Things like drinking cappuccinos.  Taking a walk with a friend.  Making people laugh.  Prescription drugs.  Volunteering. Things like going to work, having conversations, and coming home to go to bed.  Normal things.  Normal things that take more energy, strength, and willpower to accomplish than they should.  Because, for them, sadness is busy, so very busy, gnawing away at every molecule of goodness and light it can consume. It feasts on their energy while draining them of theirs.  Sadness is a greedy bastard.  It's obsessed.  It can never have one.  It keeps gnawing and biting and chewing until its had more than its fair share to slog around your insides like a sticky cloud.

Some people figure out a magic formula that protects them.  Their magic formula works!  It changes their chemistry for hours, days, and if they're extremely devoted to the task of meteorology, years.  They find their recipe to stave off sadness and they are euphoric.  They win their mind back before the sticky cloud makes its way to the tippy tippy top.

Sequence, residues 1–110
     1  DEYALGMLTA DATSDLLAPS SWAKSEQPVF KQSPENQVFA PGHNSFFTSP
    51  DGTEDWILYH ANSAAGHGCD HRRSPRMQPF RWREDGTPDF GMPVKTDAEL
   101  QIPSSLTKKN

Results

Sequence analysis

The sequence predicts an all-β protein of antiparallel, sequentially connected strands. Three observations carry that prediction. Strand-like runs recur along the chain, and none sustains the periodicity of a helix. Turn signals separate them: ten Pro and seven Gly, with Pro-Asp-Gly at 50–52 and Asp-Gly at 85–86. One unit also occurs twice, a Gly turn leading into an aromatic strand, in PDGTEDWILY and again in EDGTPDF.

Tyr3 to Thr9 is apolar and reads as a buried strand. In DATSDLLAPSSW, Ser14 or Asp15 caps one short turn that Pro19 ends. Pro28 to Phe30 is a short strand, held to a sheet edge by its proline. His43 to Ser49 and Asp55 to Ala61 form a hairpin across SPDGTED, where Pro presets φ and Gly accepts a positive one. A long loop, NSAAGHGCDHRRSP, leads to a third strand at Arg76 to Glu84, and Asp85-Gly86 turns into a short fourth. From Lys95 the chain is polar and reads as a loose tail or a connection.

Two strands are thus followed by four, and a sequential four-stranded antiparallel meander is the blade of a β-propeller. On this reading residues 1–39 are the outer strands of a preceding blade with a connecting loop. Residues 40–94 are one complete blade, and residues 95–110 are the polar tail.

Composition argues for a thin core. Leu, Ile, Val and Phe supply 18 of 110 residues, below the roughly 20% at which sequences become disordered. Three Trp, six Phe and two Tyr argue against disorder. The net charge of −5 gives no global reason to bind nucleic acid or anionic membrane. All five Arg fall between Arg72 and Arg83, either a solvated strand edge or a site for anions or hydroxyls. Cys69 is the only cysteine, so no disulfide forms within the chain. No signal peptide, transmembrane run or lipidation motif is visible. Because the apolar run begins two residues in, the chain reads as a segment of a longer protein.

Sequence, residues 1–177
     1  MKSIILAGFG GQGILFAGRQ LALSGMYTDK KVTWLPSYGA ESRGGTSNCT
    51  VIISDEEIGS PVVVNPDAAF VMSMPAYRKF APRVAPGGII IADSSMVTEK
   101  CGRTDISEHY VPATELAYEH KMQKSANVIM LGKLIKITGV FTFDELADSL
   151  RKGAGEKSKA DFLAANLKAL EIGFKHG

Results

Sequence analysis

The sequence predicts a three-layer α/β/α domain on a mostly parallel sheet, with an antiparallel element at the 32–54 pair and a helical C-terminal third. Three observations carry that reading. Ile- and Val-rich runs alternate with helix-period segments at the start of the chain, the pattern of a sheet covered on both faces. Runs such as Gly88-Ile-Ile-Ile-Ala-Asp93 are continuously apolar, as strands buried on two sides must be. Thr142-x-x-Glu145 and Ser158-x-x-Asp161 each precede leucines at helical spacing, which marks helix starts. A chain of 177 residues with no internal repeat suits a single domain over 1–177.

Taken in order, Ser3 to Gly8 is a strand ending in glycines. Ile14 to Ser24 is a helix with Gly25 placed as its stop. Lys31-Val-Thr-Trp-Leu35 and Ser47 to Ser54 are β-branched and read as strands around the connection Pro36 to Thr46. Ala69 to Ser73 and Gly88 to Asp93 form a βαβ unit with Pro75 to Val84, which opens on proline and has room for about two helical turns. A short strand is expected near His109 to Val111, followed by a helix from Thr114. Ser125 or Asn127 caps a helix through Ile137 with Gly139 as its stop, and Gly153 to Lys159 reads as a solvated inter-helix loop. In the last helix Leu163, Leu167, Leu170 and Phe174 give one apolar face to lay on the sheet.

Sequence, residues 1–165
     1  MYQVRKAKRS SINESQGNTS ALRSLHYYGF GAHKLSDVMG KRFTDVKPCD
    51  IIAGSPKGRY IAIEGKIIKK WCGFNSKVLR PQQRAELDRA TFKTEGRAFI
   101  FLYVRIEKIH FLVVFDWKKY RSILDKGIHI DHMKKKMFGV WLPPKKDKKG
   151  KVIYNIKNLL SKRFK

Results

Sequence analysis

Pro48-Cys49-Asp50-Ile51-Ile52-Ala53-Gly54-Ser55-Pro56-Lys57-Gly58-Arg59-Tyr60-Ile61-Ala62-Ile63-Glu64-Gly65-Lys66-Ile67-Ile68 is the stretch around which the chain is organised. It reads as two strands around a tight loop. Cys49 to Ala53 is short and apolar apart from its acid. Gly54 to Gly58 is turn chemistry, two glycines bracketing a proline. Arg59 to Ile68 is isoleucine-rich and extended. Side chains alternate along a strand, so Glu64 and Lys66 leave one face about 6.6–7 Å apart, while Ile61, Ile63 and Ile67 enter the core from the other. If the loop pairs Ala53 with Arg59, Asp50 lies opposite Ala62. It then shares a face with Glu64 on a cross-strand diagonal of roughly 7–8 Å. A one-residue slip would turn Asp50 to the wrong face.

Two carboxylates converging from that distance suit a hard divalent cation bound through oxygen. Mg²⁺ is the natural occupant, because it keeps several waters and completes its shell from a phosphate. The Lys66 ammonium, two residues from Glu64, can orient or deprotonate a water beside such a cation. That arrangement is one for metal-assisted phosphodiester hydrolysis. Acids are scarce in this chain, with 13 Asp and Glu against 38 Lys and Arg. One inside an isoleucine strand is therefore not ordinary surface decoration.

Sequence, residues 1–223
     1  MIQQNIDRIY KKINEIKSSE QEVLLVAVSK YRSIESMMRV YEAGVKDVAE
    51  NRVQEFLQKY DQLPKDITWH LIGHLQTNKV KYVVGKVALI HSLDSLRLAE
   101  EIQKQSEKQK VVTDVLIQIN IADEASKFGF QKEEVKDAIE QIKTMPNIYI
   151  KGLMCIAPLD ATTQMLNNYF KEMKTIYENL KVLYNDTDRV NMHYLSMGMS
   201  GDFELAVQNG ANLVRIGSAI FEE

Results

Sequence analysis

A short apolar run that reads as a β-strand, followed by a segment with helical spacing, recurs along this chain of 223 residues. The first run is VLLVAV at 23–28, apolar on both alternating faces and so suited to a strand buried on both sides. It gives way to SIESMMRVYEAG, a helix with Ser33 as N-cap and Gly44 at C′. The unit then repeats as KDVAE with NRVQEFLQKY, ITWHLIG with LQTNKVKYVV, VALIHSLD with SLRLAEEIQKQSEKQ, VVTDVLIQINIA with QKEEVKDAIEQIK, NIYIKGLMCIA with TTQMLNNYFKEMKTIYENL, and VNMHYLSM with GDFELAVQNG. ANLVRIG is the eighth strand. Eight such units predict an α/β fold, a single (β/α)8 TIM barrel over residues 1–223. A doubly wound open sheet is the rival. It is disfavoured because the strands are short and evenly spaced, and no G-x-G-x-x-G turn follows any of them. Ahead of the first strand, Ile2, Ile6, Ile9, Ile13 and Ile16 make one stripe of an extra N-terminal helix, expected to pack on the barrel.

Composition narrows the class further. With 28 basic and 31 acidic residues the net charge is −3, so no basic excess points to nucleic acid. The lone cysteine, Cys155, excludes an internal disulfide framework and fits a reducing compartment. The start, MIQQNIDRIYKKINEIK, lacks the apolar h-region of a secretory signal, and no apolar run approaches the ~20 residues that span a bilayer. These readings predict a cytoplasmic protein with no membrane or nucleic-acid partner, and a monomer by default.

But then the formula changes. The cloud is back and working its way up, inch by healthy inch.  Your normal becomes warped.  So unrecognizable.  Off kilter and scary.  Unbelievably so, it is back to square one.  Back to search for things that will cast a pall of normal over their inner landscape of that dastardly cloud.

It's a never-ending cycle for those people who fight to feel "well."  They don't choose their canvas but they sure as hell try to color it pretty every single day.  To distract themselves, to fit in, to counter-attack the storm that is always brewing.  To hide it from others who might think less of them despite their heart not to do so.  Some worry if the cloud is catching.

This type of sadness doesn't have to eat you whole.  It will die trying but one day it will die.

May all of you who find yourselves in the rabbit hole give yourself more time.  More time to create another formula that wards off your storms.  More time to understand your struggles will pay off, are paying off today, are such a gift to others fighting with their heads down.  More time to feel how much you are cherished and needed on this earth.  More time to show others that it can be done.

Your rabbit hole won't spit you out.  You have to keep climbing.

In the U.S., call 1-800-273-8255
National Suicide Prevention Lifeline